As part of the package, finance minister Nirmala Sitharaman announced the transfer of Rs 500 a month to 20.4 crore women Jan Dhan account holders for three months.
After announcing money transfer through Jan Dhan accounts of 20.4 crore poor women to blunt the Covid-19 impact, the government may impress upon state-run banks to help improve the cash flow of individuals, many of whom are yet not covered under any relief measure.
One of the proposals being toyed with is to raise the overdraft facility automatically for customers with good credit history for a temporary period, should they wish to avail of it, a source told FE. “The proposal also includes raising the limit for Jan Dhan account holders (not just women) from the current Rs 10,000. A final decision will be taken soon,” he said.
If approved, the move will benefit not just the poor (Jan Dhan account holders) but also the lower middle-class customers, who are bereft of the PDS facilities, among others. Currently, the Jan Dhan scheme has 38.3 crore beneficiaries who hold a total of Rs 1,18,434 crore in their accounts.
Last week, the government pledged succour to the poor and the vulnerable – from BPL families, Jan Dhan account holders and construction workers to organised-sector employees – to cope with the lockdown, announcing a relief package of Rs 1.7 lakh crore.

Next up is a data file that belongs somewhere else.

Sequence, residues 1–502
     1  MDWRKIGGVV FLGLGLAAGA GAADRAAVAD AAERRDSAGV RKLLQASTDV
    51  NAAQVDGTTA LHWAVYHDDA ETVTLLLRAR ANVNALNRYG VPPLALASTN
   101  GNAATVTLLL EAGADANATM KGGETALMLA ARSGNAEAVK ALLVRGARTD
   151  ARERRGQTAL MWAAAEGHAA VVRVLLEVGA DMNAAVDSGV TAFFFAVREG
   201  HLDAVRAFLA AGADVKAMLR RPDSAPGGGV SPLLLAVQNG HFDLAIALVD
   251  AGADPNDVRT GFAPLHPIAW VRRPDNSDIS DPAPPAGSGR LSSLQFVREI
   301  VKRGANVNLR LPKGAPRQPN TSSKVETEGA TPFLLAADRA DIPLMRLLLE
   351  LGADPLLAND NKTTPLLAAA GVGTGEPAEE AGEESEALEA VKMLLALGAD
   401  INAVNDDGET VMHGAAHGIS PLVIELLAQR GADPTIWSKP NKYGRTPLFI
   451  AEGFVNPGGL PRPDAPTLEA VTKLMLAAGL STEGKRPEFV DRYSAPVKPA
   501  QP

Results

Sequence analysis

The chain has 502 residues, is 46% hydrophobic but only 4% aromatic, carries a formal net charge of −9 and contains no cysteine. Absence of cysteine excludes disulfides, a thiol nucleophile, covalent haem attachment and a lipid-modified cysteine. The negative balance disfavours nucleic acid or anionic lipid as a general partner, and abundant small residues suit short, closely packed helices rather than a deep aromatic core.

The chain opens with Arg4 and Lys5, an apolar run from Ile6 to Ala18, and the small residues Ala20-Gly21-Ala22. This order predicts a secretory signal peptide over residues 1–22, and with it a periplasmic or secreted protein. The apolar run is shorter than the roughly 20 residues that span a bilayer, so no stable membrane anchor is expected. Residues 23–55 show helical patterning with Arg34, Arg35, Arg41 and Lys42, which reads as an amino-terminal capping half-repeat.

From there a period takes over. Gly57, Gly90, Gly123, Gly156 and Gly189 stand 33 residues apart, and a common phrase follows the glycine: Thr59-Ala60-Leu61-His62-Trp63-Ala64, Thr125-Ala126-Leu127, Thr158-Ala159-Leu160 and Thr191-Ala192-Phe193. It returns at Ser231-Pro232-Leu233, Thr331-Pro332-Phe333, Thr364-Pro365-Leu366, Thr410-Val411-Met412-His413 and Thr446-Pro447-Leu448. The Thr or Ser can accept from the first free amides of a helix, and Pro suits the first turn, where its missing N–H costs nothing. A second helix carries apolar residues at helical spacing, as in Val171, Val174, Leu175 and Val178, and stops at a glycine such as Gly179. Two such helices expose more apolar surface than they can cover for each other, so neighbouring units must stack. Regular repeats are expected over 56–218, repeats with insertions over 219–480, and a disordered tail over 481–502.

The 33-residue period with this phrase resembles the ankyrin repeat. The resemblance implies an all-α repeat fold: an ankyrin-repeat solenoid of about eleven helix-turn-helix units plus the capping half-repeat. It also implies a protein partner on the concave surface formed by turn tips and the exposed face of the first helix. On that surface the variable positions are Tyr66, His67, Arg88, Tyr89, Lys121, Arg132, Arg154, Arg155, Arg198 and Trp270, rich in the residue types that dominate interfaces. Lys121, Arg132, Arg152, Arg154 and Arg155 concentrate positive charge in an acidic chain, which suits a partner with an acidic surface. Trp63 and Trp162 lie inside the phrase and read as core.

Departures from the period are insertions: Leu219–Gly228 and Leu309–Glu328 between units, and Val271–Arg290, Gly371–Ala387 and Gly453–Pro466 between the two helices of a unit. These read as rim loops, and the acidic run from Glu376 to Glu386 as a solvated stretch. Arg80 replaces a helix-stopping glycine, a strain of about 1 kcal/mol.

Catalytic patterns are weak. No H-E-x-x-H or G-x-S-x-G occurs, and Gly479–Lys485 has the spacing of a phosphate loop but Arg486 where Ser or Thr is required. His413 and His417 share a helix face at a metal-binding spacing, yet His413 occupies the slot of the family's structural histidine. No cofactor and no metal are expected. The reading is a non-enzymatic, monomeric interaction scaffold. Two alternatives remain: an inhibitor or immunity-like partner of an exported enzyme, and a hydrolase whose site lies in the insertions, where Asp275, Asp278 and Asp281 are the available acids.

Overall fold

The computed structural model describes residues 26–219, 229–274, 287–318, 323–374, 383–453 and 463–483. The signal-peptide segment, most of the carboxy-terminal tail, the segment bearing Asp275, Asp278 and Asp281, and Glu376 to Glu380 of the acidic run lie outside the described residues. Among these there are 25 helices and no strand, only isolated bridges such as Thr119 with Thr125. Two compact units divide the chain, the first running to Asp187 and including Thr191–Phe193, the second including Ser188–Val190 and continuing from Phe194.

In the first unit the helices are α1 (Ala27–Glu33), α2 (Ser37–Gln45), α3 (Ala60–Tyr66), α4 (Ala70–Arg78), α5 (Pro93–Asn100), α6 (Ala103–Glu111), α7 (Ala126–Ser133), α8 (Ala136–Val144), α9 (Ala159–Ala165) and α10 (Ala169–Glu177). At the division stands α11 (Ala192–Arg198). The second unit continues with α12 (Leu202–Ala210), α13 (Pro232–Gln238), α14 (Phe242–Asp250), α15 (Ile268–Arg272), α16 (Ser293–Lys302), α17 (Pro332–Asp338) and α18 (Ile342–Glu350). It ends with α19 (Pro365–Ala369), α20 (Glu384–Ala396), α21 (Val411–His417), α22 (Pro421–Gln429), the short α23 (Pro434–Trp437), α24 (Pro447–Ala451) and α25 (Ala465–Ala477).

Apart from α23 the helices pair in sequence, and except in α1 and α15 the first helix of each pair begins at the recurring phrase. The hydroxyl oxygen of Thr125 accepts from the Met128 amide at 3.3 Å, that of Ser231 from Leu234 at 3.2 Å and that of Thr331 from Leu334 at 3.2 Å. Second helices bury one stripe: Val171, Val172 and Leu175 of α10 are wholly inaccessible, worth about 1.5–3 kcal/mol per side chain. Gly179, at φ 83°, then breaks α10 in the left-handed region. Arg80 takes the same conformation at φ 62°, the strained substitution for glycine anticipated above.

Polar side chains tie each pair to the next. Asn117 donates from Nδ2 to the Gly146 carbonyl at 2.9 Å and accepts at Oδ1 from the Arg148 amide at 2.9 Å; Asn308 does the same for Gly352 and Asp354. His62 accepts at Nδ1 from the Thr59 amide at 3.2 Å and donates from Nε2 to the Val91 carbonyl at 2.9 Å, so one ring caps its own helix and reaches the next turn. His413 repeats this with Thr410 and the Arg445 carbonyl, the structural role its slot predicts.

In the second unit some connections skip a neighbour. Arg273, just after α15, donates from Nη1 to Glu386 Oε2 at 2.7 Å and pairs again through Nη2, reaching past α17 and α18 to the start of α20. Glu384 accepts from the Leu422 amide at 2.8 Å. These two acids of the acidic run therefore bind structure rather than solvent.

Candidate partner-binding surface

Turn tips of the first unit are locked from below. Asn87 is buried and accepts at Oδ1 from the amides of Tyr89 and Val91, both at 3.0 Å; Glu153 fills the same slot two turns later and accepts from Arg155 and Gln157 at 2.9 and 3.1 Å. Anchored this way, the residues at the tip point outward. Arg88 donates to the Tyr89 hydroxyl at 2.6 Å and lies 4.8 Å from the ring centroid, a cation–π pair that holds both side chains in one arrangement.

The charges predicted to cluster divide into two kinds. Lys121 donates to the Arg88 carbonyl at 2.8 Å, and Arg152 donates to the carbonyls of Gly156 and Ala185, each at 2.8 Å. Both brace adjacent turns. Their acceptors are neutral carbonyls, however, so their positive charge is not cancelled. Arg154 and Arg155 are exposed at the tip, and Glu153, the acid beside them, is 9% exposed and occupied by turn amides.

As part of the package, finance minister Nirmala Sitharaman announced the transfer of Rs 500 a month to 20.4 crore women Jan Dhan account holders for three months. This will cost the government Rs 30,600 crore. The transfer to only women account holders was aimed at helping the intended beneficiaries (poor families) with a minimum possible leakage.
However, fears that the poor households where no woman has a Jan Dhan account will lose out on this benefit, have prompted the government to consider some relief to them, said a banking industry source. The government is also gearing up for the next round of economic measures that will likely focus on needs of specific sectors – including MSMEs, exports, tourism, civil aviation and animal husbandry – that have been battered by the Covid-19 outbreak.